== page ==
Whilst it is noted that an employer will have the obligation to a safe and healthy workplace pursuant to the Occupational Safety and Health Ordinance (Cap. 509), the employer is equally obliged not to unnecessarily expose their employees to health risk, especially when such employee might have pre-existing health condition that will make it extremely risky for them to take the vaccine (at this stage).


The carrot and the stick are pervasive and persuasive motivators. But if you treat people like donkeys, they will perform like donkeys

—John Whitmore

Whilst many practitioners have propositioned that there is no clear answer as to whether an employer can mandate an employee to take the vaccine, the truth is there IS an answer, namely, mandating an employee to take a vaccine may carry risk to the employer (especially if you consider what happens if the employee dies as a result of the employer’s instructions for them to take the vaccine).

That said, the law is much clearer in that there is nothing to bar an employer to offer incentives for employees to consider vaccination as a way to better the environment. In fact, incentives offered by employers (and such incentives ought to be practical) may solve a lot of issues including the fact that the employees will themselves be ultimately making the choice free of any undue influence.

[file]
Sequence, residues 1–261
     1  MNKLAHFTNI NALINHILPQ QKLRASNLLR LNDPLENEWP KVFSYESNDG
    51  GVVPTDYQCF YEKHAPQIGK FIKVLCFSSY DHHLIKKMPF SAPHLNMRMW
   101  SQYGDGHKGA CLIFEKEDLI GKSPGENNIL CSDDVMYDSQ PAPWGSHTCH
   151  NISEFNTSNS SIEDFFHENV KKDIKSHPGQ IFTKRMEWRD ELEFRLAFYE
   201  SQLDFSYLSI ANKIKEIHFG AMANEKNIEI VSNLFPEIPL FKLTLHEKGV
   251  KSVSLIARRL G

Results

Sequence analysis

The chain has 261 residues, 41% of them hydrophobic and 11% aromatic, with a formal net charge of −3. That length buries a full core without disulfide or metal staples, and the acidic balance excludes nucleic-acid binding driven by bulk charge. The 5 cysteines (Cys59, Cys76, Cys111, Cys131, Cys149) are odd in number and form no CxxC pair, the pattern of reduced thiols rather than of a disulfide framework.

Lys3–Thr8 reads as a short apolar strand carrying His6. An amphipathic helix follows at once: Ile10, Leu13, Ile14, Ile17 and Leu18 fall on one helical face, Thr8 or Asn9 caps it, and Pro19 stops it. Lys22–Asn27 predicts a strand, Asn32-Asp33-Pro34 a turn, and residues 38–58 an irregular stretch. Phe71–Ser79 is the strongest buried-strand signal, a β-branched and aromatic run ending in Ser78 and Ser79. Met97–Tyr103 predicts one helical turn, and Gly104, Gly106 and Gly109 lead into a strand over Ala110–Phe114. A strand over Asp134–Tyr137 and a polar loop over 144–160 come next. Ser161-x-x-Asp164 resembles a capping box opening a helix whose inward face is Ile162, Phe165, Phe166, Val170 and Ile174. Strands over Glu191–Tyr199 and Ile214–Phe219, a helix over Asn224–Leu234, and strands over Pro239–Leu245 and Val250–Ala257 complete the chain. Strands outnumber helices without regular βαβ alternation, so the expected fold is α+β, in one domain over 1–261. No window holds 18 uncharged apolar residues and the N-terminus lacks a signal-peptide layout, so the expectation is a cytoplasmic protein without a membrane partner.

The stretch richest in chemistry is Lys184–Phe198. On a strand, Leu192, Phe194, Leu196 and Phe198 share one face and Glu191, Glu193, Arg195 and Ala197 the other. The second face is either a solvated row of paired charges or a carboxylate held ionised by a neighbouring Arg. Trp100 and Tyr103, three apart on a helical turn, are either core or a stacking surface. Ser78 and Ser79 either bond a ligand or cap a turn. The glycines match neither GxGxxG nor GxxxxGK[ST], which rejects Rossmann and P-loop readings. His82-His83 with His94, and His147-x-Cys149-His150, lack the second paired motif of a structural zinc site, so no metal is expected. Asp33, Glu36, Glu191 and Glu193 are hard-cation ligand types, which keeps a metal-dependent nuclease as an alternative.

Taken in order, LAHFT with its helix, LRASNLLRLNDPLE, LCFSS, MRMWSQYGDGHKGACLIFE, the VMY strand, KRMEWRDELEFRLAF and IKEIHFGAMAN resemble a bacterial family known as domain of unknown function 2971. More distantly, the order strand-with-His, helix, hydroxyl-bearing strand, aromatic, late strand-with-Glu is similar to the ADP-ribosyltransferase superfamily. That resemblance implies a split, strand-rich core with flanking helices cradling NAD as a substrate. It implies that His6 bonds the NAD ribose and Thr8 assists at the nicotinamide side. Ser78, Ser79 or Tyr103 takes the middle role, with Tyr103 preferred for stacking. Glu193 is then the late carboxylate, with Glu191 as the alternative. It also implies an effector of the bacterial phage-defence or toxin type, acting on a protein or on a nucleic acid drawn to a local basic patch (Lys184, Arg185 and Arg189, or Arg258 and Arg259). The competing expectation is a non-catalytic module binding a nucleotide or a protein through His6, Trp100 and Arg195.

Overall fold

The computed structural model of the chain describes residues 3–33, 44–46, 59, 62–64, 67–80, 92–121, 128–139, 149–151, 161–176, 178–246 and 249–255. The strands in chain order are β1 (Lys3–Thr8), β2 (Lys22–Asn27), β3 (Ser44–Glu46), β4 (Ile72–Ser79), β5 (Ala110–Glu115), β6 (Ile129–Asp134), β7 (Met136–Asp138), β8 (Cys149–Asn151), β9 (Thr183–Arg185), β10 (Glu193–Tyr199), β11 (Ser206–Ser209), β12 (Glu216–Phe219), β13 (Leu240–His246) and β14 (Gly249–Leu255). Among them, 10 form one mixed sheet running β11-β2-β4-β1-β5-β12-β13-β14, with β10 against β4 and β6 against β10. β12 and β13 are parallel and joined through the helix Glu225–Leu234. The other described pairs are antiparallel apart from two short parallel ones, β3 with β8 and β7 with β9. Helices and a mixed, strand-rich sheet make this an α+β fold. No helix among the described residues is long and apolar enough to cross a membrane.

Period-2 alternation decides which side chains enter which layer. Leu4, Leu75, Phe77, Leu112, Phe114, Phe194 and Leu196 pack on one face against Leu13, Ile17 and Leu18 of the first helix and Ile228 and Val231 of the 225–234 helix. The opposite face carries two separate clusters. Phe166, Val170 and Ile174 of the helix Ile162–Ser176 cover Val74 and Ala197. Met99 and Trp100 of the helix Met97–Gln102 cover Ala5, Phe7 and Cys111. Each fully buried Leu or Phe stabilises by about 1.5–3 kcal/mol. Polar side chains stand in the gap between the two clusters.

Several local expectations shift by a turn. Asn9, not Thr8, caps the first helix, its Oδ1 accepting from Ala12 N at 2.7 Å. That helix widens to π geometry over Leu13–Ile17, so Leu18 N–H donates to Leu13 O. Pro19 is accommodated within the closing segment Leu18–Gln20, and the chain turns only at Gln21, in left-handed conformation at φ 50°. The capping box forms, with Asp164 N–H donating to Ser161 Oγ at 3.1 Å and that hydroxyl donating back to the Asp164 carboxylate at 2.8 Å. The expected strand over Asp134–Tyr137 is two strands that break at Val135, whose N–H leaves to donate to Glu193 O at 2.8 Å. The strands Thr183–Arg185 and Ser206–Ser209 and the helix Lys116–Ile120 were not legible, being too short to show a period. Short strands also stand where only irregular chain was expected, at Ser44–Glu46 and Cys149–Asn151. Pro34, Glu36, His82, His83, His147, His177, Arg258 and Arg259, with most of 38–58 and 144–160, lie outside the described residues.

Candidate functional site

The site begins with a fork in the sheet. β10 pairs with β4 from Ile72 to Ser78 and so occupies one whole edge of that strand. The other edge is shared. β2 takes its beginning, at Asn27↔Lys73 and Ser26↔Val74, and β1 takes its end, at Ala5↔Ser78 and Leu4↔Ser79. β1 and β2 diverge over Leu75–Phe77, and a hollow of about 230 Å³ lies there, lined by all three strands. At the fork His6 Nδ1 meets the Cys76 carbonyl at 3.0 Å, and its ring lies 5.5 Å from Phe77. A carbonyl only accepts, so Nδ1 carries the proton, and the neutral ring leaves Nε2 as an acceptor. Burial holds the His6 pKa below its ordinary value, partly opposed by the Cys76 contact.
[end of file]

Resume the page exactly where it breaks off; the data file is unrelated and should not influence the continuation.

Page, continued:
The better choice is therefore to encourage, rather than to force. Employers need to remember that they are working with living, breathing human beings after all and an organization only exists as a team. Therefore, if an employee really cannot take the vaccine due to pre-existing health conditions, show understanding and reassign them to alternative work (e.g. back office) in order to minimize front line service delivery disruption.